I saw part of this video on Facebook the other week. It’s fascinating. Take a few (12) minutes out to learn about paper marbling as done by Cockerell and Son in 1970. (Published by Bedforshire Archives.)
Blythe Robertson started 100 Book Peeps as a way to raise money for his part of Bookfellas, a project that hopes to get men and boys reading for pleasure.
Bookpeep’s aim is to get 100 people to write something about their favourite book and raise money. It makes for very interesting reading: all kinds of books are in the list. My choice was Bellefleur by Joyce Carol Oats which I first read as a teenager. I’ve still not read anything quite like it. Read the Book Peeps post.
Peggy Hughes posted this rather lovely film on how book were made a couple of weeks ago. Watch it and be amazed. (It’s 10 minutes long.)
(If the video doesn’t show above, if you’re running an ad blocker, for example, you can find it on YouTube.)
I did my own search to find a video on how books are made now. I expected to find something that took out most of the steps in the above that amazed me and made the process look safer, but still somewhat magical. I failed: most of the videos I found were marketing materials for large book printers and don’t cover anything before the moment of printing. The one below starts with the printed page and covers perfect binding – it’s not as fabulous as the one above but makes up for that by being under three minutes long.
(Or go to YouTube to watch it there.)
And as a bonus, here’s how Random house do their thing, from editing, to covers, to marketing. This is also close to 10 minutes long.
Today I was reminded of two important things by posts I saw on Facebook and Twitter.
Firstly: there are no shortcuts. This came from an article about what editors want to see that Kirsty Logan shared. It reminded me that I have a long list of magazines I need to read because I think I want to submit stories to them. But more importantly, it reminded me that there’s no quick way of finding markets, or writing stories.
Secondly: stop agonizing and get on with it. Chris Scott, who took my lovely profile photo, shared a video with advice to artists. Watching it reminded me to stop worrying about whether my stories are original, or whether my novel’s the best thing since The Cloud Atlas*, and just get on with the task of writing.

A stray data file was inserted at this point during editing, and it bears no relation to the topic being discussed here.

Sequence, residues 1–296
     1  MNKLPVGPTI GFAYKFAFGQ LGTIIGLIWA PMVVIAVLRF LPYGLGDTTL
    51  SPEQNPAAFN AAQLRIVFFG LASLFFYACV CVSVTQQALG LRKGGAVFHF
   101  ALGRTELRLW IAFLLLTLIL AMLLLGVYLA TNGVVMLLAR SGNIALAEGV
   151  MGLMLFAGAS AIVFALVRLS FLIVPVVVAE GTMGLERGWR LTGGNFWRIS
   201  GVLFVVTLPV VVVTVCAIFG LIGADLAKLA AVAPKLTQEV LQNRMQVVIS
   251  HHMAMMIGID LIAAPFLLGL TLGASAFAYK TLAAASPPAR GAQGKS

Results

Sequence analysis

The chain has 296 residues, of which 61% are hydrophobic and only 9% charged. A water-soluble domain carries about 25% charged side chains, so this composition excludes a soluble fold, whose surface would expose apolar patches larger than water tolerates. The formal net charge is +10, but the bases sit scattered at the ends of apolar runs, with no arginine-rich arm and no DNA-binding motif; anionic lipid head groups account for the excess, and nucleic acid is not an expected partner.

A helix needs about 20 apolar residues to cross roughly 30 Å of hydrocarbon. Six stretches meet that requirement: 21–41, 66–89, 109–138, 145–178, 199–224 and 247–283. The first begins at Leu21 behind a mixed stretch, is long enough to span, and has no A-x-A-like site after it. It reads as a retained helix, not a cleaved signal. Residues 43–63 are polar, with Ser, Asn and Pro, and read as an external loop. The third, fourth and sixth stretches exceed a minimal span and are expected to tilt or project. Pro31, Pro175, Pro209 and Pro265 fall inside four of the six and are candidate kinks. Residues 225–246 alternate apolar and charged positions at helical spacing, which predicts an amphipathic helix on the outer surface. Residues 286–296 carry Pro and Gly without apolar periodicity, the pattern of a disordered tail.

(If you’ve got AdBlocker or a similar service, the video probably won’t show. Watch the video on YouTube instead.)
* Note to self: I’m not trying to write the best book in the history books, I’m just trying to write my first novel. It’ll be flawed and that’s OK.
When I found out that there would be a conversation Google hangout with Paolo Bacigalupi, Lauren Beukes and Jesse Bullington yesterday I got really excited. It was at the perfect time to watch with dinner so I bookmarked the page and updated my calendar. Then I promptly forgot all about it and went about my evening as if the internet did not exist.
Luckily, the conversation is available on YouTube. The writers cover several different topics but the first 15 minutes are about world building, a topic that I find endlessly fascinating. They then move on to character, another compelling topic. The video’s almost 59 minutes long and there’s a spoiler or two, but it’s all interesting stuff.
(And if the iframe doesn’t show, go straight to YouTube.)
Last week, I found this hour-long, interview with Iain M. Banks, Alastair Reynolds and Peter F. Hamilton. I’m always interested in questions around idea generation and methodology but I also enjoyed the way this was recorded. Everyone’s in a different place, in front of a laptop, and people from all over the world are invited to ask questions. This was my first hang-out: it’s a nice format.
I leave you with Iain Banks on whether writing gets easier or more difficult with time (it starts at 39:58):
I think writing is like anything else, the more you do it the better you get – up to a certain point, extreme old age or something – and maybe there’s partially a confidence thing as well: you learn to trust your own abilities.
I saw this A-Z pop-up online recently and loved it. I’ve watched it several times and am deeply impressed with the cleverness of the construction and the way it plays with letters. I’ve now bought two copies – both gifts – because clever beauty should be shared.
I’m pleased to have found this amusing summary of the history of English, re-tweeted by The Book Bench, on twitter. It is 11:20 long, so get a cup of tea and settle in for a bit of an educational session from the OU.
(And if you want a much longer version, in book form, there’s alway Melvyn Bragg’s The Adventure of English.)
Another book-related animation to gladden the heart. It is a perfect excuse for posting something and also announcing my resolution to buy most of my books from physical – maybe even local! – book shops this year. (Sorry Amazon, but they need my support.) Enjoy the dancing books.
The film was made by the owners of a bookshop in Toronto. I saw it on Twitter earlier today, where a Colossal post featuring it did the rounds. Can you imagine the amount of work it took to record it? All those books, organised, photographed and re-organised.
As part of their books season 2011, The Guardian and Observer are running a competition where you can win a Kindle and the six novels in their animated film. The film gives first lines and you guess (or know) the book. It’s a very nice little film with some clever little clues (some more subtle than others) in the way the titles are presented. I’m sharing it not because it’s a fabulous competition but because I really like the film.